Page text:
I thought it would be interesting to put up a list of what I view as the single best value out there in each of the six great cocktail spirit categories. To be clear, these are hardly the best exemplars of Whiskey (North American), Rum, Gin, Brandy, Tequila, and Vodka, nor are they the cheapest. Far from it in both instances. These hit the sweet spot where the price and quality curves intersect. Prices, of course, will vary wherever you are, and in what mood the bottlers, distributors, and Chet behind the counter are in... These bottles also are Swiss Army Knife products, in that they aren't just good, they work well pretty much across the spectrum of drinks you might make with each. There might be a better gin, price to quality, if you only make Dry Martinis with it, but that gin might not be so great a value in an Alexander or a Pegu. So let's begin.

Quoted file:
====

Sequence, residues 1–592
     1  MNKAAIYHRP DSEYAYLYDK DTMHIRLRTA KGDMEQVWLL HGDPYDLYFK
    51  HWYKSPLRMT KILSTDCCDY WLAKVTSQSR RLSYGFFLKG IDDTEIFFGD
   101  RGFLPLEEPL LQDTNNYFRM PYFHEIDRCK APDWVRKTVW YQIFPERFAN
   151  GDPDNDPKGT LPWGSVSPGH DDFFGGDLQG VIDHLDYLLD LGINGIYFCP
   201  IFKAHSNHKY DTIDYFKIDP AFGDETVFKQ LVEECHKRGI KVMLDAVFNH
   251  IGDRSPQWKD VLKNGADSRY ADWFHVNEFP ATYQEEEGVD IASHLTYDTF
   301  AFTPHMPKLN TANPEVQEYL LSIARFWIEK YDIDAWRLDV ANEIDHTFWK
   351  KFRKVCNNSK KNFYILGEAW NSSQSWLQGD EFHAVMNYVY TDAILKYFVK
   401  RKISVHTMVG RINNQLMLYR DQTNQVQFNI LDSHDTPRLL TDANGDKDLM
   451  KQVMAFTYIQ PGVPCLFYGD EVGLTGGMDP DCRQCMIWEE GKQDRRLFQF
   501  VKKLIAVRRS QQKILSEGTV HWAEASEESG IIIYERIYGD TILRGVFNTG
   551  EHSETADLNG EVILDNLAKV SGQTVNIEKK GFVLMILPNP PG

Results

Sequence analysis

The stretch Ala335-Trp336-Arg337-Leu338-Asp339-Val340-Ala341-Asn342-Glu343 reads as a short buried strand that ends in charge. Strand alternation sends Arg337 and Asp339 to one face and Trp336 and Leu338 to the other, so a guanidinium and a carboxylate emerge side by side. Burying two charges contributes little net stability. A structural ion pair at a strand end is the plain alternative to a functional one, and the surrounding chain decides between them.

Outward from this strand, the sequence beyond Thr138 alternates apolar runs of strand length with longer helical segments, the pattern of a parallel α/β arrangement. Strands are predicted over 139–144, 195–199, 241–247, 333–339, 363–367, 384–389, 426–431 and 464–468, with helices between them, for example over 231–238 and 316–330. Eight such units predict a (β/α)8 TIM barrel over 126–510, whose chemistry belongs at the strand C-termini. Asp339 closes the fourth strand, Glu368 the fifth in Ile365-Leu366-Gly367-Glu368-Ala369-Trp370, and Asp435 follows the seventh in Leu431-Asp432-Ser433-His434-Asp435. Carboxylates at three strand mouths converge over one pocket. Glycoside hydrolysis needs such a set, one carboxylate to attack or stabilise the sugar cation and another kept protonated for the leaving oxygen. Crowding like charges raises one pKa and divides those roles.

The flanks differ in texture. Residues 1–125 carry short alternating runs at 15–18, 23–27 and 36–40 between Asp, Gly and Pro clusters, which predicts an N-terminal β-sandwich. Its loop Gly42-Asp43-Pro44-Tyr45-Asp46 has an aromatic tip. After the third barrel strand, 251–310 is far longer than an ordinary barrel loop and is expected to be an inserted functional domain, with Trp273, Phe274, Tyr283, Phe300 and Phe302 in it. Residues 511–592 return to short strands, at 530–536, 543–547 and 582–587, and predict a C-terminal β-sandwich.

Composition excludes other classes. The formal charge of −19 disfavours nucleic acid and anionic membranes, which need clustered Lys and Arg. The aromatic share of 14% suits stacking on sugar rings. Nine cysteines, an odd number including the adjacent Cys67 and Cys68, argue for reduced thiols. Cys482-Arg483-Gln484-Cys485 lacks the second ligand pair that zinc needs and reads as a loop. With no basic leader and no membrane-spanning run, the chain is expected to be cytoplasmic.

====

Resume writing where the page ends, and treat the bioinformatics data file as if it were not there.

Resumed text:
This lovely little video tells a bit of the story behind one of Columbus's fine local distilleries, Watershed. It is a student project by Kelly Insinga here at Columbus College of Art & Design. The quality of this little six minute documentary says great things about Insinga's talent, and the instruction at CCAD. I've featured Watershed's products on this blog before, as well as a (far less impressive) video of my own, but they are worth talking about again. And again. There are small distilleries popping up all over the country, and I visit every one I can when I travel. I have taken to using Watershed, which I have studied since they opened, as a benchmark by which to measure all these other brave ventures. And most every visit to another micro, whether I'm impressed with what they are doing or not, leaves me a bit more impressed with Watershed in one way or another. Their Four Peel Gin is my favorite among their products. I like the citrus-forward profile. The price is reasonable. But most importantly, They have locked it down. Gin is a deceptive spirit to make. It requires no aging, so the economics make great sense for a startup, but it is devilishly hard to make consistently over time, especially for a small manufacturing concern. Watershed definitely had some wobbles after a great start in their first few batches. I know a number of people who first tried it back when their production first started to accelerate... um. I had some of those early two-digit batches myself. I didn't find them bad, just not as special as those very first runs were... or as special as the current gin is, batch after batch. Consistency is the key in gin, and Watershed has had it for a while now. Right now, you can only get their products in Ohio for the most part. Given Watershed's success so far, and the way they've achieved it, I expect that will change in future years. In the mean time, come visit Columbus. Drop me a line.abc